THERE WAS A RUNNING joke in my Marine units in Afghanistan and Iraq. Each grunt thought he was the best, the platoon above him was good, the company above that was mediocre and the overarching battalion was actively trying to get him killed. So it is with most organizations. People near the bottom wear blinders, and their diligent attention to the task at hand is precisely what makes them less qualified to assess the bigger picture.
This phenomenon helps explain Zogby International’s recent survey of U.S. troops in Iraq, which reported that 72% of them think the U.S. should withdraw within a year. Of course they do. The troops have no control over the broader strategy directing U.S. policy in Iraq, so they are suspicious of it. U.S. soldiers in Normandy in 1944 probably felt the same way.
Some newspapers and blogs across the country trumpeted the findings of the Zogby poll, which was conducted from mid-January to mid-February. They said the survey portended disaster for the U.S. in Iraq, as if the loss of faith of the common soldier on the ground reflected some kind of turning point in the war.
But the uncomfortable reality of polls is that you can’t cherry-pick their results. Conclusions that don’t support our preconceived notions must be taken along with those that do.
A less-heralded finding in the Zogby poll was that only 30% of the troops said they’d been inadequately supplied with body armor and armored vehicles, a low figure given that media coverage has suggested that the complaint is widespread among soldiers. Nearly two-thirds reported that basic infrastructure and services in Iraq -- electricity, water, healthcare and so on -- have improved in the last year. Ironically, the troops’ opinions on these topics, which run against the grain of popular perception, have a much stronger foundation in their daily experience.
As critics of the Iraq war rallied around that 72% figure on withdrawal, defenders of the policy trashed Zogby’s methods and questioned the poll’s motives. The firm has been tight-lipped about its methodology, citing “security purposes.”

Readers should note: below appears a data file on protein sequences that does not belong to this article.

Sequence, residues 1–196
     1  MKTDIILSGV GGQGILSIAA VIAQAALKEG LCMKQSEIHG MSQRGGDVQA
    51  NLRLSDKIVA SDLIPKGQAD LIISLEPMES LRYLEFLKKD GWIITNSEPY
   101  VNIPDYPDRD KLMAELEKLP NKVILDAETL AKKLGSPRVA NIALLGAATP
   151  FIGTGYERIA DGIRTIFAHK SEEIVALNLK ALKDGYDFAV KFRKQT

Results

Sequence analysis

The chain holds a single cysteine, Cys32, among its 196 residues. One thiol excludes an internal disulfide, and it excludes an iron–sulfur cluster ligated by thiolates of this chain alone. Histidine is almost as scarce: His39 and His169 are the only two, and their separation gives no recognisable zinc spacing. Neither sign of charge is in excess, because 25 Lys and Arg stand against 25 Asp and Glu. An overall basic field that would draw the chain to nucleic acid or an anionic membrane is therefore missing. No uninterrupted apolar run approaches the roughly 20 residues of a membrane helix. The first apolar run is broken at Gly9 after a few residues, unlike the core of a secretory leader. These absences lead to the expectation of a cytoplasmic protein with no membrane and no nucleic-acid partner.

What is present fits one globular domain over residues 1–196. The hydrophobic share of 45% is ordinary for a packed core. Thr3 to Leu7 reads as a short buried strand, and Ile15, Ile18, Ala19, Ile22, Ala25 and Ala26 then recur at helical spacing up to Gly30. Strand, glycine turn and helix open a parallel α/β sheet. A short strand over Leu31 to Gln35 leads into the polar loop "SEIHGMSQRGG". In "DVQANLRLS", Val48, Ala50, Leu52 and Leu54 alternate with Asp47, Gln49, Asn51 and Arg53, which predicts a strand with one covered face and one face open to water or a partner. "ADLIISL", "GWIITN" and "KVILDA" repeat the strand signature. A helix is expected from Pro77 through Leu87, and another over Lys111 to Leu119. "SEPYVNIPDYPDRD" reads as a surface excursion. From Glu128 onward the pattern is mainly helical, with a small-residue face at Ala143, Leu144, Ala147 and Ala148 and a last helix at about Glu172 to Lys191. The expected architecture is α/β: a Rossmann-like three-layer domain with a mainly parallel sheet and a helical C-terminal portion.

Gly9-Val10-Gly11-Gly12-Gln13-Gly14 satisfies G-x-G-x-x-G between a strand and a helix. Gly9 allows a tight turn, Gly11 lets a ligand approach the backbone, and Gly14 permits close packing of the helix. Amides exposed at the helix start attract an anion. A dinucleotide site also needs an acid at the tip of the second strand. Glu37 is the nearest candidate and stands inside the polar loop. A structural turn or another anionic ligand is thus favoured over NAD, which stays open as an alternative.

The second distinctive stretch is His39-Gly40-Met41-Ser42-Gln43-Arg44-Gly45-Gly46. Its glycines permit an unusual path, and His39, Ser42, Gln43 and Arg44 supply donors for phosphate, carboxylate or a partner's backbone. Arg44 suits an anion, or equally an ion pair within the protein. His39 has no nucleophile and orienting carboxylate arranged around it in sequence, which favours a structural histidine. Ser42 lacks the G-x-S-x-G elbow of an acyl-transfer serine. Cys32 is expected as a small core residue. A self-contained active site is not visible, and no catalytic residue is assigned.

There is, however, one telling hint: A quarter of those surveyed were female, but only about 15% of U.S. forces in Iraq are female. This indicates that the sample was skewed toward logistical support troops as opposed to front-line combat forces.
The attitudinal contrast between front-line and support troops is one of warfare’s fabled dichotomies, much like the contrast between an active-duty, infantry-heavy group -- such as the Marines -- and their Reserve and National Guard counterparts. In the survey, nearly 90% of polled Reserve and Guard soldiers advocated withdrawal from Iraq within a year, while barely more than half the Marines shared that view.
Culture matters: In the 1990s, the Marines toyed with the recruiting slogan “Nobody likes to fight, but someone has to know how.” It was dropped after Marines started grumbling that they really did like to fight.
But both the champions and critics of the Zogby survey miss the central point: The opinions of junior troops on the ground matter little -- and rightly so -- in crafting national policy.
Consider this poll finding: 85% of the troops who believe that the U.S. should exit Iraq in the coming year also said that the U.S. mission there is mainly “to retaliate for Saddam’s role in the 9/11 attacks.” How can we reconcile the so-called wisdom of the former with the demonstrable falsehood of the latter?
In short, we can’t. Asking young soldiers and Marines about national strategy is almost as fruitless as asking senior political leaders about platoon-level tactics.
During the war in Vietnam, President Lyndon B. Johnson and his advisors micromanaged battlefield decisions, sometimes even picking individual bombing targets. Their errors have been recognized in subsequent years, and commanders in chief these days are quick to emphasize that military decisions should be left to military professionals. Similarly, political decisions -- such as when and how to disengage from Iraq -- must be made by political professionals.
In the absence of a draft, members of the U.S. armed forces are professional volunteers. Their oath of office is not to a particular president, policy or administration. They swear to defend the Constitution and to obey the lawful orders of their democratically elected government. They served President Clinton, and they serve President Bush. They served in the Balkans, and they serve in Iraq. Civilian control of a professionally apolitical military is a sacred American tradition. This is why, in the all-volunteer force, troop opinions or outside perceptions of their morale cannot be used as a “canary in the coal mine” of Iraq policy.
My Marines were right about one thing: They were the best. But their expertise was fighting the war, not making national policy.
The Zogby poll and its selective interpreters fail to make that distinction and so contribute little to the debate on the wisdom of the war in Iraq.